Russia and America: Endless Ups and Downs

A timely new book looks at why the two powers see-saw from optimistic cooperation to suspicious rivalry.

Angela E. Stent, The Limits of Partnership: U.S.-Russian Relations in the Twenty-First Century (Princeton, NJ: Princeton University Press, 2014), 384 pp., $35.00.

With the U.S.-Russia relationship in a tailspin over Ukraine and Crimea, few foreign-affairs books could be timelier than Angela Stent’s insightful and balanced assessment of two decades of post-Soviet interaction between Washington and Moscow. A long-time academic at Georgetown University with experience in both intelligence analysis and policy-making, Stent combines extensive research, interviews with former U.S. officials, and personal observations from interactions with Russian president Vladimir Putin and others to describe the complex array of convergent and divergent interests, values and perspectives that lead the two countries to see-saw between optimistic cooperation and suspicious rivalry. While perhaps too short to become a definitive historical work, the book’s comprehensiveness and readability will make it a valuable resource for not only students and specialists, but also general readers.

In The Limits of Partnership, Stent seeks to explain why the U.S.-Russian relationship has been so difficult for so long. She traces its evolution through four “resets”—George H. W. Bush’s cautious redefinition of U.S.-Russia relations as the Cold War ended, Bill Clinton’s ambitious and unrealistic attempt to transform both Russia and America’s relationship with it, Vladimir Putin’s bold and similarly unrealistic offer of strategic partnership after the September 11 terrorist attacks, and Barack Obama’s pragmatic yet ultimately shortsighted engagement with former President Dmitry Medvedev. Though she devotes only a modest portion of the text to the first two resets, Stent summarizes well events that others have treated in greater detail.

Stent draws many useful lessons from the ups-and-downs in the U.S.-Russia relationship. Some of the most central are the enduring gaps in perceptions and expectations in the United States and Russia, the lack of economic and bureaucratic stakeholders in the relationship in either country that has repeatedly forced the two governments to over-personalize it, and the tension between U.S. democracy promotion efforts—a continuing source of Russian resentment—and cooperation in other areas. The book is particularly valuable because of its careful treatment of not only U.S. and Russian differences, but also the highly-polarized American debate on Russia. Throughout the narrative, Stent fairly presents official policy as well as varied perspectives outside government.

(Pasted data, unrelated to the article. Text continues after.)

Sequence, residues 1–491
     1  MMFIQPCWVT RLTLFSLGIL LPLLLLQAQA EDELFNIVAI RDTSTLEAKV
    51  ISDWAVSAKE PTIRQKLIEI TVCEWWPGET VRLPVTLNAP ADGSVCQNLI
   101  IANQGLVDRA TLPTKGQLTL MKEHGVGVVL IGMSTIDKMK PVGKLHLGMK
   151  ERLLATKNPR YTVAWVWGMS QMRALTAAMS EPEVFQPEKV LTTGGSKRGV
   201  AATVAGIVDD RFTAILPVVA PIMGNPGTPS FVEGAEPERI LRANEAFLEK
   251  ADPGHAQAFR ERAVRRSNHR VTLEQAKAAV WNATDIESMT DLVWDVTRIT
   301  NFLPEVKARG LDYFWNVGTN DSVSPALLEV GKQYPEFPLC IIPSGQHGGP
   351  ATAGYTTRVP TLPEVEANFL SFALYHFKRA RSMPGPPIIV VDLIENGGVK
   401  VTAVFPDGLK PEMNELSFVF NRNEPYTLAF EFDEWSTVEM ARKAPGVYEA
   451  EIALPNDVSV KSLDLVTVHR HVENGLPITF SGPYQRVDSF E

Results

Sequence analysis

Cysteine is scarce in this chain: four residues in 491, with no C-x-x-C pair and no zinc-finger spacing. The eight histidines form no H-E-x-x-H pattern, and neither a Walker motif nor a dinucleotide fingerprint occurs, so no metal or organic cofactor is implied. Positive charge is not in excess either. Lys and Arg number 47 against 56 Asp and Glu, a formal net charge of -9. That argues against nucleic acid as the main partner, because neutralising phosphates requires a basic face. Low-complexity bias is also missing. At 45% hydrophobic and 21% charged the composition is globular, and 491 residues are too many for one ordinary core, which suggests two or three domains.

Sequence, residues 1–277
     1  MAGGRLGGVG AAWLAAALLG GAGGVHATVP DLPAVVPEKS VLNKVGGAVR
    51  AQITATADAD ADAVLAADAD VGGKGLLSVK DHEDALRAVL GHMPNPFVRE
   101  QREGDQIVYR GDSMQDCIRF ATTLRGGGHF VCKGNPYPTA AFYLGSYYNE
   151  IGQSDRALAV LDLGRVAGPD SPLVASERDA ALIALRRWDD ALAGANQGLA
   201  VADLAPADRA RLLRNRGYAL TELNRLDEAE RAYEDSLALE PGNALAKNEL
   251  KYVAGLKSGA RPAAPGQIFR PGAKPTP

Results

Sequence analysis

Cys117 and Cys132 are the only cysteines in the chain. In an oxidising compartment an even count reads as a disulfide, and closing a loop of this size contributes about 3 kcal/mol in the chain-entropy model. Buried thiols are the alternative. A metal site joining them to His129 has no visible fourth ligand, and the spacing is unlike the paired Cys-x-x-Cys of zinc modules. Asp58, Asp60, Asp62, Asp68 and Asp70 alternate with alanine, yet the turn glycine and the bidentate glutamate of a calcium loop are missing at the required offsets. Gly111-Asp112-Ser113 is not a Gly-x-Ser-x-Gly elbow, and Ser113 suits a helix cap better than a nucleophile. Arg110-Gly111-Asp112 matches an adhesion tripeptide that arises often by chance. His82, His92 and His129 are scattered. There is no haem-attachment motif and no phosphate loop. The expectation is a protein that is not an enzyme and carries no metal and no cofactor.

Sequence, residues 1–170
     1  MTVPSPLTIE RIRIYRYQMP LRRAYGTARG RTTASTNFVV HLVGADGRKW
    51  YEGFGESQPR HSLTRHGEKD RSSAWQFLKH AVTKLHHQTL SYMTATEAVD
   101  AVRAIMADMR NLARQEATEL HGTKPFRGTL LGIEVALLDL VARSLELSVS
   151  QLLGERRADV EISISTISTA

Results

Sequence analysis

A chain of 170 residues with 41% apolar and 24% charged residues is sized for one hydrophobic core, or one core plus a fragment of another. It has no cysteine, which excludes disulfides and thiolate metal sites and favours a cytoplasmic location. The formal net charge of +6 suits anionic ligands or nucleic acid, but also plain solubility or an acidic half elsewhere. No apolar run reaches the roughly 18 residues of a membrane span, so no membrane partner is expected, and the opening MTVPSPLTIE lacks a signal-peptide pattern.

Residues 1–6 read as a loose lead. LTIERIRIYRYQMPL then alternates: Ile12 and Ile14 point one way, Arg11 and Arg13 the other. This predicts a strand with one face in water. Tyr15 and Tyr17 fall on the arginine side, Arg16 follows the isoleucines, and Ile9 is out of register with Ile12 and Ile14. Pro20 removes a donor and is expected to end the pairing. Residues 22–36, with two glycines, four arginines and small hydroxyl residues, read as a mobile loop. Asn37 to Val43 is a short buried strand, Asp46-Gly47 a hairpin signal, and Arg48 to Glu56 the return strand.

Stent argues persuasively that Putin’s “post-9/11 reset foundered” because “Putin believed that by reaching out to George W. Bush and facilitating the establishment of U.S. bases in Central Asia, the United States would view Russia as a partner, recognize its sphere of influence in the post-Soviet space, treat it as an equal, and give it the respect that had been lacking during the Yeltsin era.” She recounts Putin’s September 9, 2001 phone call to Bush reporting that a leader of Afghanistan’s Moscow-aligned Northern Alliance had been assassinated and warning of “a foreboding that something was about to happen, something long in preparation” as well as the fact that the Russian leader was the first top foreign official to contact Bush after the September 11 attacks to convey sympathy and support. After this, Stent explains, Putin and other Russian officials later became profoundly disillusioned by U.S. withdrawal from the ABM Treaty, NATO’s continued expansion, and perceived American support for “color revolutions” in the post-Soviet region—their expectations vis-à-vis Washington had been far too high.

Evaluating the Obama administration’s reset, Stent effectively explains how even as the White House sought to “reframe” U.S.-Russia relations “with two younger, post-Cold War leaders,” Moscow saw the policy as America’s long-overdue course correction rather than a truly joint effort. Thus, Moscow welcomed the administration’s reduced enthusiasm for NATO membership for Ukraine and Georgia, initially appreciated its cancellation of planned missile-defense sites in the Czech Republic and Poland (but has since come to complain no less vigorously about Obama’s alternative, the Phased Adaptive Approach), and reciprocated its decision to delink foreign-policy discussions from Russia’s governance and to deemphasize the latter by taking its own steps to improve the tone of U.S.-Russia dialogue, both publicly and privately.

Nevertheless, since Russia’s officials saw these U.S. actions as the price of admission for constructive negotiations in other areas, they likely underestimated the political risks Obama accepted and undervalued the U.S. approach. Despite some accomplishments, Putin’s return to the Russian presidency in 2012 killed a strategy built on Obama’s personal contacts with Medvedev.